When you hit "Try It!", the component's "GetNumber" Method is invoked and passed your test string. "GetNumber" returns and sets a Boolean property called "ItsANumber". (For COBOL this is represented as a 16 bit numeric which is all 0 or all 1.) If your input string is a number (it is allowed to have certain non-numeric symbols like CR/DR, +/-, $, etc.) then a Method of the component, called "ShowStuff" is invoked. This formats a buffer which shows the state of the component's properties. The inherent number is extracted into a series of useful formats which are all propertiers of the component and can be easily accessed. "ShowStuff" and "ShowError" do NOT write to the user interface; they simply format a buffer which you can access via the COM object.

If the string cannot be resolved to an inherent number, then a different Method called "ShowError" is invoked. "ShowError" also formats the same buffer. Depending on the setting of the "Verbose" property (FALSE = 0x0000, TRUE = 0xFFFF (-1)) the contents of this buffer will vary. You can flip the "Verbose" property with the check box provided, and see the difference. For this demo, "ShowStuff" is invoked if the string is a number and "ShowError" is invoked if it isn't, but this is all under application control. If you didn't want these methods, you simply wouldn't invoke them. The component will NEVER invoke any of its behaviours without being told to...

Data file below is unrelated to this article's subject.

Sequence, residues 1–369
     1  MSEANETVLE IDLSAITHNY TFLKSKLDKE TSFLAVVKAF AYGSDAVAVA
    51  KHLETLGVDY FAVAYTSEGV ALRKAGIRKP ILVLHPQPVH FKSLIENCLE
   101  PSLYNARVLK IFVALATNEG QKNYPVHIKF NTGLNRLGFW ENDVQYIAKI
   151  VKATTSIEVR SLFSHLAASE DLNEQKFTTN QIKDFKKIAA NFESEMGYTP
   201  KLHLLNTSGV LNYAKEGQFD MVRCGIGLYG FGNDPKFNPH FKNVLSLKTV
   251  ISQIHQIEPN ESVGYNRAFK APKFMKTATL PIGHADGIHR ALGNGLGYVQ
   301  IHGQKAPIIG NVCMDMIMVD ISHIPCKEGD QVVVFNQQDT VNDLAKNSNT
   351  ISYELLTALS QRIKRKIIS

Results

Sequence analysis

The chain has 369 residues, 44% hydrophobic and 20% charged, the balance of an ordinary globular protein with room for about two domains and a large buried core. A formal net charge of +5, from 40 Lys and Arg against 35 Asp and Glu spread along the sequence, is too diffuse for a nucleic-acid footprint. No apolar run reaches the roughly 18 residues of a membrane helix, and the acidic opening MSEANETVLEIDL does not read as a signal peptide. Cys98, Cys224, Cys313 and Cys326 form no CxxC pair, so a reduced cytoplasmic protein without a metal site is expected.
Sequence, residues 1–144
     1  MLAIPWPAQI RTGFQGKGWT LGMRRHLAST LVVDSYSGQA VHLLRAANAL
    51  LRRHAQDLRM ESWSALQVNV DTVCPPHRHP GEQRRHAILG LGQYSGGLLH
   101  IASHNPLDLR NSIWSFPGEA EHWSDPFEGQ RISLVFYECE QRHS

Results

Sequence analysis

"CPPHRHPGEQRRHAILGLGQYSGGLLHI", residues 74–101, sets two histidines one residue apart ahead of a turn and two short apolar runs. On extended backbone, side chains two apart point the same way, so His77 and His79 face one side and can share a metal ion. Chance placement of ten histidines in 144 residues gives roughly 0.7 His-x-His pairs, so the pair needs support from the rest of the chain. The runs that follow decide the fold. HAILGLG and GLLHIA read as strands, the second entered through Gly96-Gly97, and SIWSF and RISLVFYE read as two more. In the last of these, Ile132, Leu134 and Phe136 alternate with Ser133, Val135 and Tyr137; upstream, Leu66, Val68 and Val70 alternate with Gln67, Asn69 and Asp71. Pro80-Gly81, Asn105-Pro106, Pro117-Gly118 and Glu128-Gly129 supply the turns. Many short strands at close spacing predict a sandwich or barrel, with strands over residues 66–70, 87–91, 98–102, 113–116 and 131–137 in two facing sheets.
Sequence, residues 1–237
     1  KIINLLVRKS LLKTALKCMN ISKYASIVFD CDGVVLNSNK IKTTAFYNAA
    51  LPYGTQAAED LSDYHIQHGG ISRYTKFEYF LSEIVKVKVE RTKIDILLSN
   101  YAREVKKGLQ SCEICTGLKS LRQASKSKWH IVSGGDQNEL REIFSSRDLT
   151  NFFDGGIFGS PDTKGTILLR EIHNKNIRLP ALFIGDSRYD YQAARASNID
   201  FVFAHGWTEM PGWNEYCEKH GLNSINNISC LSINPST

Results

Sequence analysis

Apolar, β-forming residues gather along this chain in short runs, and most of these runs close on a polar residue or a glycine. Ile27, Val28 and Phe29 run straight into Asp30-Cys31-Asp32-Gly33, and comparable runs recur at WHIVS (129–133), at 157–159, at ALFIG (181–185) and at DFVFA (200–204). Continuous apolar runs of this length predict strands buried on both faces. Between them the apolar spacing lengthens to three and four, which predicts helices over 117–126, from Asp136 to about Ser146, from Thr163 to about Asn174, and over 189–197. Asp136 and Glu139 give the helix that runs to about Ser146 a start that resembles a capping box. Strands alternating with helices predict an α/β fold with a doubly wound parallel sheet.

Download the component...

The download includes different versions of the String2Num component (The COM component and the C# .DLL, which you are seeing demonstrated here, a full Windows Help file describing the methods and properties of the component, and a White Paper called "Components 101", which explains the conceptual background and is aimed at COBOL people who are unfamiliar with OOP and components. The component, in any of its forms, is freeware and you can use it for any purpose, personal or commercial, that you see fit.